Greek President Prokopis Pavlopoulos’ visit to Thessaloniki’s Music Hall to attend the International Holocaust Remembrance Day concert on Sunday was marred by protest action.
About 300 protestors gathered to protest the ratification of the Prespes Agreement by Greek Parliament. The protestors are angered that President Pavlopoulos did not weigh in on the agreement will allow FYROM to be known as the Republic of Northern Macedonia. They are angry that he did not take a firm stand, even though the Greek Constitution does not give the ceremonial role much leeway for intervention.
Tensions are high among the general population, shown by media polls to be mostly against the ratification of the agreement that puts an end to a 28-year name dispute. Apart from the name change, the Greek government would now lift its veto and allow Skopje to gain NATO membership.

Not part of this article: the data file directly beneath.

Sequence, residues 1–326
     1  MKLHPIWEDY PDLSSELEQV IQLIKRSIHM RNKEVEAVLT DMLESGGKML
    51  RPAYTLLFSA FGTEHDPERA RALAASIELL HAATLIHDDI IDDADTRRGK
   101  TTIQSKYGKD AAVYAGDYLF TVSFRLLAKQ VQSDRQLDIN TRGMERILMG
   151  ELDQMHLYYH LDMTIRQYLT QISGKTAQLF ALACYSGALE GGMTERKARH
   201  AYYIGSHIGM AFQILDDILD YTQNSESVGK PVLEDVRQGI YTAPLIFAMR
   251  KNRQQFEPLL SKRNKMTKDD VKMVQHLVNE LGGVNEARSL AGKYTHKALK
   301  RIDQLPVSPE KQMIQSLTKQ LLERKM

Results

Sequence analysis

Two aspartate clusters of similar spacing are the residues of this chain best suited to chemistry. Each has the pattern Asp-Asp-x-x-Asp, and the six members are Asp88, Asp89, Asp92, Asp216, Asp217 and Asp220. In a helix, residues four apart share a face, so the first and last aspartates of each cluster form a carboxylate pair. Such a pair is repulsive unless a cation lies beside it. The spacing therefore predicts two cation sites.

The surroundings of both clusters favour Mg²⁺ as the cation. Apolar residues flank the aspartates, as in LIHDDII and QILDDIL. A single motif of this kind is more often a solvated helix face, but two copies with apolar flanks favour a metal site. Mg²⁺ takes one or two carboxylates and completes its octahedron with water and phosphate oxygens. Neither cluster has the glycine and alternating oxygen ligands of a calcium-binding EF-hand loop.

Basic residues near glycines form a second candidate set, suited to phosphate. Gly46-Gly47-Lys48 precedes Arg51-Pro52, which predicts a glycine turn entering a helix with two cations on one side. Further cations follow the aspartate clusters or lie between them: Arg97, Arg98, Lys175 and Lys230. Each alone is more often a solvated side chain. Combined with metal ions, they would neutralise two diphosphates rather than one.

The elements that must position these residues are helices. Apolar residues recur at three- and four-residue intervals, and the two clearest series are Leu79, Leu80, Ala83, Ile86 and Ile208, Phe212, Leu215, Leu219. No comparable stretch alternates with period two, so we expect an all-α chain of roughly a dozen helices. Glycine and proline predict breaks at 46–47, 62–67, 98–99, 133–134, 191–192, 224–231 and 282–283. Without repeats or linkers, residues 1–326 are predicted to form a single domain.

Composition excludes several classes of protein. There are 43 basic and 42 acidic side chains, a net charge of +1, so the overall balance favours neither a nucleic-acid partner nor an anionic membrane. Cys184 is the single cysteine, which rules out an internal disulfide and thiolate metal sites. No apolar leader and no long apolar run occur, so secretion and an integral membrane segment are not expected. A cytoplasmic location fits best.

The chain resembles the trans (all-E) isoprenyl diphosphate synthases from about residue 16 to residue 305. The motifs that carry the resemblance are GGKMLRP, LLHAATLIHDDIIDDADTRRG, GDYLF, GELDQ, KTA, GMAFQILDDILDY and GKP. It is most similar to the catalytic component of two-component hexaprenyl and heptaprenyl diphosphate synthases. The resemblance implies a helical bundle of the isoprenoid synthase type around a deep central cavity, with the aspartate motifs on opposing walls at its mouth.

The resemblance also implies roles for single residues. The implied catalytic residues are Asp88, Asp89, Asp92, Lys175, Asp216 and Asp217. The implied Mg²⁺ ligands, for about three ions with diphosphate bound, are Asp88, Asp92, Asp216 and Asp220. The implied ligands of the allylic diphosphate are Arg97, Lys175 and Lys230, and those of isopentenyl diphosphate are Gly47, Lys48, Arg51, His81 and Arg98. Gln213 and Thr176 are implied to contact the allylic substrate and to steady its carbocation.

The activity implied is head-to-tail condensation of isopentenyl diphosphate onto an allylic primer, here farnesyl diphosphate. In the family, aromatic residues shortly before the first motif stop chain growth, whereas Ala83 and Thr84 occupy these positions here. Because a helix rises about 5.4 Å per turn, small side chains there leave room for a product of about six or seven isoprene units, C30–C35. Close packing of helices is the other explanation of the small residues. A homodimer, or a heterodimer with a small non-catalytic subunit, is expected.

Residents in the northern Greek province of Macedonia are particularly concerned with the ratification of the agreement due to the perception that the neighbouring country also harbours territorial land claims and has already claimed symbols of ancient Greek heritage. Previous FYROM governments built giant statues to honour Alexander the Great and his father Philip, and commissioned books that blotted out the Greek identity of ancient Macedonia.
With the new agreement, plaques will be added to the statues to explain their Greek identity.
Protestors in Thessaloniki were sprayed with tear gas as they tried to push through police lines.
More protestors arrived later. They wore masks and erected a barricade using trash, rubbish bins and a discarded Christmas tree.